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Hendon Publishing

Lund PASS Push Bumper & Siren

The problem is that motorists today driving modern, air-tight cars with the windows up, the A/C on and the radio on, all while talking on a cell phone, don’t hear even a full 100 watt siren until the last moment. The siren speaker mounted under the hood, wherever it will fit, makes a muffled, baffled and diffused audible signal. And the available space under the hood, and behind the grille, is getting smaller.

If placed directly behind the grille, the speaker restricts airflow to the radiator. Even if the speaker is mounted on the push bumper, the sound from a traditional speaker emits in all directions. That means upwards towards the sky and downward toward the pavement, neither of which is where the motorists are.

A solution is the Lund “Police Audio-visual Safety System” (PASS), which is far more than a mere push bumper with an integral siren. The Lund PASS uses two siren speakers, one in each upright of the push bumper. The installation into push bumper is patented. The speakers are normally used together but can be used separately. The best performance, of course, of the 200 watt output comes when both speakers are used together. Importantly, one speaker can be used for the traditional wail-yelp, while the other runs a low frequency signal. Also, one can be used for the air horn, while the other maintains the traditional siren signal.

Lund Industries developed a proprietary tall and narrow horn design for the siren speaker. That is the key. When sound waves exit the speaker of this design they turn 90 degrees. This vertical mounting causes the sound to flatten horizontal and radiate outward. The best comparison is to the traffic radar beam, a flat signal that radiates forward. As such, the Lund PASS gives a much stronger off-axis (intersection warning) signal than a conventional siren.

Sound intensity is logarithmic, not linear; it doubles with every 3 decibels (dB). At 97 (dB) from 100 feet in front of the car at the motorist level, Lund PASS is 15 dB (more than 32 times) “louder” than the 82 dB standard siren. Increasing the distance greatly reduces the warning signal from all sirens. However, at 200 feet, the Lund PASS is still 14 dB louder than a standard siren. Importantly, the PASS is 8 dB louder (almost 8 times) at a 45 degree in front of the car for intersection clearing.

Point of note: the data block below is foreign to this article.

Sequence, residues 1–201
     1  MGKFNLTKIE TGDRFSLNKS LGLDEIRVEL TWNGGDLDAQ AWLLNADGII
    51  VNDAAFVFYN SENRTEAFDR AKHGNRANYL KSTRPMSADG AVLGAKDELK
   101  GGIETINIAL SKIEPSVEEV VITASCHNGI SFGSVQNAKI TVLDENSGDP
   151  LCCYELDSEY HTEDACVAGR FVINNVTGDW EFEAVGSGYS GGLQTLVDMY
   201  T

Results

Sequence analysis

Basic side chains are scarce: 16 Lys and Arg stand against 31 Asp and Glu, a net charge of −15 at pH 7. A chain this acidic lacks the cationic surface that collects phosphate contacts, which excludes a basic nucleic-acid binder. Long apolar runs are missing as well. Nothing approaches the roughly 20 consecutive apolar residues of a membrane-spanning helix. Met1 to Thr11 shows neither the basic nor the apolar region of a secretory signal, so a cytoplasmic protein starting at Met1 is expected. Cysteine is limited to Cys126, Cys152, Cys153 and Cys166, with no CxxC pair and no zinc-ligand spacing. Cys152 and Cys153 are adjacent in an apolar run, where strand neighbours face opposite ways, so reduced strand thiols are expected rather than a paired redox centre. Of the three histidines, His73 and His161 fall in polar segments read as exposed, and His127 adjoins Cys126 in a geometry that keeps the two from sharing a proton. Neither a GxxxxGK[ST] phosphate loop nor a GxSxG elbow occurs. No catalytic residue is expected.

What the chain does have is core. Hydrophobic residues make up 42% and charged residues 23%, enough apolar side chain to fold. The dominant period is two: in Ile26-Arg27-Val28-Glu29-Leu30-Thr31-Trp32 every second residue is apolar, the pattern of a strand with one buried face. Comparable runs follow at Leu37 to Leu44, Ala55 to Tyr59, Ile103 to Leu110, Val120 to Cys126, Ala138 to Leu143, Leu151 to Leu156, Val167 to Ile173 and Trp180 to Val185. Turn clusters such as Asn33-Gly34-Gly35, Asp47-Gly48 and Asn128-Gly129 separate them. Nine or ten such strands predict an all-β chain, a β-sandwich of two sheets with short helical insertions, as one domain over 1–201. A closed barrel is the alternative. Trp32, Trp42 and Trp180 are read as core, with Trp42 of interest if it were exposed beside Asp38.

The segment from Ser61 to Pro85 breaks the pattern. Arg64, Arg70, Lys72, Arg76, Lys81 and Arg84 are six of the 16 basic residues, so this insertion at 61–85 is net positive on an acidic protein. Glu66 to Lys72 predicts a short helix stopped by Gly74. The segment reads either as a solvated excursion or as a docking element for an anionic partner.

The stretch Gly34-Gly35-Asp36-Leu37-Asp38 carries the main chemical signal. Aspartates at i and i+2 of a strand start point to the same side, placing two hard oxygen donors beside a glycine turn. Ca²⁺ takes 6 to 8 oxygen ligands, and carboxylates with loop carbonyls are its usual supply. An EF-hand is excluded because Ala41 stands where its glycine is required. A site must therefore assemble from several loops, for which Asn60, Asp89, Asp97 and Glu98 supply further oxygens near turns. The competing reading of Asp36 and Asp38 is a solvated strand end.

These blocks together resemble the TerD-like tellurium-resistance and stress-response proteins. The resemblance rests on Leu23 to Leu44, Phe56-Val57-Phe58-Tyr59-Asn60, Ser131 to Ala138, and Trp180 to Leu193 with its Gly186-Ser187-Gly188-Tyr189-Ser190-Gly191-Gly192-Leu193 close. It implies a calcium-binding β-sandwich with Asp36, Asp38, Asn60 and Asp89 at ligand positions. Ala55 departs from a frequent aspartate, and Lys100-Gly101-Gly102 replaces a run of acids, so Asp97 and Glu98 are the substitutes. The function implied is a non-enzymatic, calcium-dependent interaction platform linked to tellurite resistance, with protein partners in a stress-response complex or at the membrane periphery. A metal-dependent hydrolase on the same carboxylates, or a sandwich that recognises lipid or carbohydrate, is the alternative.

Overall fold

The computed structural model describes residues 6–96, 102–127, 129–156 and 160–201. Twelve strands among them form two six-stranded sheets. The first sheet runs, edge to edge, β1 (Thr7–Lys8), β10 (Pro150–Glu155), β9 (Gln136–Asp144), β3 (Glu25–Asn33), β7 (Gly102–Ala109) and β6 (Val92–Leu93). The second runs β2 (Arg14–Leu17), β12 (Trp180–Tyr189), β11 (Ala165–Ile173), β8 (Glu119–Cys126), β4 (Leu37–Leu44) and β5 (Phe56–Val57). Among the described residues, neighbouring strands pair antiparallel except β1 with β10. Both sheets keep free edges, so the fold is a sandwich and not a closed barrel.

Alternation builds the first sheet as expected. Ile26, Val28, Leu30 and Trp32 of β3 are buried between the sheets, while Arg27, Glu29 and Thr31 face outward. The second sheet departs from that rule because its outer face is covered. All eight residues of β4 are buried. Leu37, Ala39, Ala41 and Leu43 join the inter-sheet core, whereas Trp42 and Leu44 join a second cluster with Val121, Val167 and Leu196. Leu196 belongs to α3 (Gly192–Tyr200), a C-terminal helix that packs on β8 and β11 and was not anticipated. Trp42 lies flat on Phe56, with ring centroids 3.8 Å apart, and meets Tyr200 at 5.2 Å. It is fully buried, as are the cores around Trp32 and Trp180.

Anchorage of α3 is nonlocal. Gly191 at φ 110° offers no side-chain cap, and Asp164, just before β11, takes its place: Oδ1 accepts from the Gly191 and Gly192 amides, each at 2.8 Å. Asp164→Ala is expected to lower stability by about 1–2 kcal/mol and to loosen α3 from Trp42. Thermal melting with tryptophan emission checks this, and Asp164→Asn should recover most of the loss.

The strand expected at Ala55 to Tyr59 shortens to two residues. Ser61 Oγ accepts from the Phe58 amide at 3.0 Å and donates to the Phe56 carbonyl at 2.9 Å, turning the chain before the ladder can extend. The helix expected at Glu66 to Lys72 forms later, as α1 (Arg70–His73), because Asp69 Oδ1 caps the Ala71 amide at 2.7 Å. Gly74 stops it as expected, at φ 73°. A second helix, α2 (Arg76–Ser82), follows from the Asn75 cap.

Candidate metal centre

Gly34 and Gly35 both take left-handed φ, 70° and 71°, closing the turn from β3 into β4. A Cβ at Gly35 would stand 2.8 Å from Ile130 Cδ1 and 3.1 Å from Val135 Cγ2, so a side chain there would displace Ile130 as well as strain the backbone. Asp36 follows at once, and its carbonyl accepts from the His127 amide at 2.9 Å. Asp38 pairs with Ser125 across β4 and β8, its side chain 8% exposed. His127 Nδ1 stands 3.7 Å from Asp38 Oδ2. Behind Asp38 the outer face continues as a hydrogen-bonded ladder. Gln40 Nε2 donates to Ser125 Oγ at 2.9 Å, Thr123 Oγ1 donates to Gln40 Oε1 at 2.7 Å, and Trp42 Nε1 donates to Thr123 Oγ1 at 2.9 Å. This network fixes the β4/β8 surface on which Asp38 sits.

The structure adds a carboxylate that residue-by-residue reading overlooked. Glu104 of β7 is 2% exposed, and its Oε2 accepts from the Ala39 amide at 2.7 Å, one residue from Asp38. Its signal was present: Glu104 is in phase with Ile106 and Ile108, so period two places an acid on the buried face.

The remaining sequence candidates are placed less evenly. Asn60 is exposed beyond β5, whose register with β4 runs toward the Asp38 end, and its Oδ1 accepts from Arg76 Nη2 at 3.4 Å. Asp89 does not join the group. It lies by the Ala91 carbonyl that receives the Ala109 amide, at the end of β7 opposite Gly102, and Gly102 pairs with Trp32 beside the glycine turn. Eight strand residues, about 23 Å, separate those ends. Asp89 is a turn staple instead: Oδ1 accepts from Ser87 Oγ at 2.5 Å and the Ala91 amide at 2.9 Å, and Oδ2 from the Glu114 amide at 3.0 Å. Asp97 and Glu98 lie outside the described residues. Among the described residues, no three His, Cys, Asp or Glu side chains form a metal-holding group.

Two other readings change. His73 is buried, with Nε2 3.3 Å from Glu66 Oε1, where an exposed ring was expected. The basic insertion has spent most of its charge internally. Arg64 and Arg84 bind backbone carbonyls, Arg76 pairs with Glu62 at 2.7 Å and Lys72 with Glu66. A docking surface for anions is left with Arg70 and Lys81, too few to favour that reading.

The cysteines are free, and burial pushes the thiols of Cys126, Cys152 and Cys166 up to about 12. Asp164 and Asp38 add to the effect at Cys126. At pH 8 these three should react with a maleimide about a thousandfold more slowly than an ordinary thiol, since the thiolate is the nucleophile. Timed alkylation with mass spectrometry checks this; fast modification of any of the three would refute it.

We compared the sound output from the same Ford CVPI upfitted with both a behind-grille, FedSig DynaMax and the Lund PASS. The differences between the two, first one, then the other, were stunning. Both the sound level (loudness) and the sound quality (tone richness) were dramatically different. The ability of any siren to effectively warn motorists is so limited, any improvement is a huge improvement. Especially if the gains are made in intersection warning.
The aluminum Lund PASS with steel backing plates and a rubberized leading edge weighs 32 pounds. Pre-punched holes accept both side and front LEDs, and a 13-wire harness is available. The PASS can be easily swapped between different vehicles. The only difference between a PASS for a Ford CVPI and a PASS for a Dodge Charger is the outer plate on both sides and the mounting kit.

The Lund PASS is available for the Ford CVPI, Explorer, Expedition and F-150; the Chevy Impala, Tahoe, Suburban and Silverado; the Dodge Charger, Ram and Jeep Grand Cherokee. The dual speaker PASS for the Charger, for example, has an MSRP of $997. Even if you never push a disabled car, a push bumper offers protection for the front fascia, headlights and grille. And the Lund PASS has twin speakers. You really do have to hear the difference to grasp the significance of the Lund PASS.

Published in Police Fleet Manager, Nov/Dec 2010

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